• The number of franchise systems dropped from 813 in 2019 to 727 in 2023, clearly due to the disruptions of the past four years which put the break on new concepts coming online and perhaps in the closing of smaller fledgling concepts that could not get off the ground during the pandemic.

  • The number of franchise outlets was grossed up, due to the greater franchisor sample, especially of large franchises with 200+ outlets, to represent 68 463 franchises, reflecting the increased number of large franchisors participating in the survey.

  • As a result, the increase in the sector’s contribution to the country’s gross domestic product (GDP) rose from 13.9% to 15% of the total South African GDP of R6.66 billion in 2022, indicating that the remaining systems were resilient and strengthened their market position.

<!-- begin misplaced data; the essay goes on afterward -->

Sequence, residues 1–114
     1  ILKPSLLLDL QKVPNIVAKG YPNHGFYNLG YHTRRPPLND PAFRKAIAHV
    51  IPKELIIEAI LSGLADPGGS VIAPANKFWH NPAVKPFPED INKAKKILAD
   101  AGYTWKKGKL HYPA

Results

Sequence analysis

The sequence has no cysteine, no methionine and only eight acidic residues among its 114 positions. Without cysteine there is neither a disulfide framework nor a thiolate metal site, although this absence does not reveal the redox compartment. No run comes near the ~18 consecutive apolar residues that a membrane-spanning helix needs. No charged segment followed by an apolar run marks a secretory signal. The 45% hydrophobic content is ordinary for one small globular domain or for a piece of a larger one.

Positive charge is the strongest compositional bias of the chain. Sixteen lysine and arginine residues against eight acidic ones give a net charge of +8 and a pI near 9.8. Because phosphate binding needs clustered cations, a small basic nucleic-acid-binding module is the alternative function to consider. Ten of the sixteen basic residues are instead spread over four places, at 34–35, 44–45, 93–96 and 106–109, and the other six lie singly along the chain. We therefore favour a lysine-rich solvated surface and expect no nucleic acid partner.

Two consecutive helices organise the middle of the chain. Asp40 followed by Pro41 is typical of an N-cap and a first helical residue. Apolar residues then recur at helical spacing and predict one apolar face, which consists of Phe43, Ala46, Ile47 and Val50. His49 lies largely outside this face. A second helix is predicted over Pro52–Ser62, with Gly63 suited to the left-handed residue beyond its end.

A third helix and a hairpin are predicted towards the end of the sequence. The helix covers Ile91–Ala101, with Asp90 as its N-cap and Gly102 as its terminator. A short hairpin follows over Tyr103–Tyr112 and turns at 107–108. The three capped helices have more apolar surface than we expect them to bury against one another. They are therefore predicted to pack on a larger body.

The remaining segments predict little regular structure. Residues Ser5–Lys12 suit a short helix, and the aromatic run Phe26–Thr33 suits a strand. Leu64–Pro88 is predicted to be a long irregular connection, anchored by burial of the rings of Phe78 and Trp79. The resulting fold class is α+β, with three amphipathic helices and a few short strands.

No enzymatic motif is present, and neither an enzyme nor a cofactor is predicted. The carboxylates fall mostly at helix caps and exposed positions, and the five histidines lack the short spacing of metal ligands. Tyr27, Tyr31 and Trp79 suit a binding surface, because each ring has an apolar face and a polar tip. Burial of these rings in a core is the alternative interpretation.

• The estimated turnover generated for 2023 was R999 billion, a 36% increase over the 2019 figure of R734 billion, again reflecting the increased number of large franchisors participating in the survey. (This amount does not include revenues from listed companies operating in the franchise market as these listed companies did not participate in the survey.)

  • Fluctuation in the number of business units showed the net number of stores opened in 2023 is 2.9, which is the sum of 3.1 stores opened less 1.2 stores closed, with 1.4 stores relocated. The general feeling was that while turnover and revenue growth was sought across the board, store growth was not on the immediate radar for most franchisors during this turbulent time.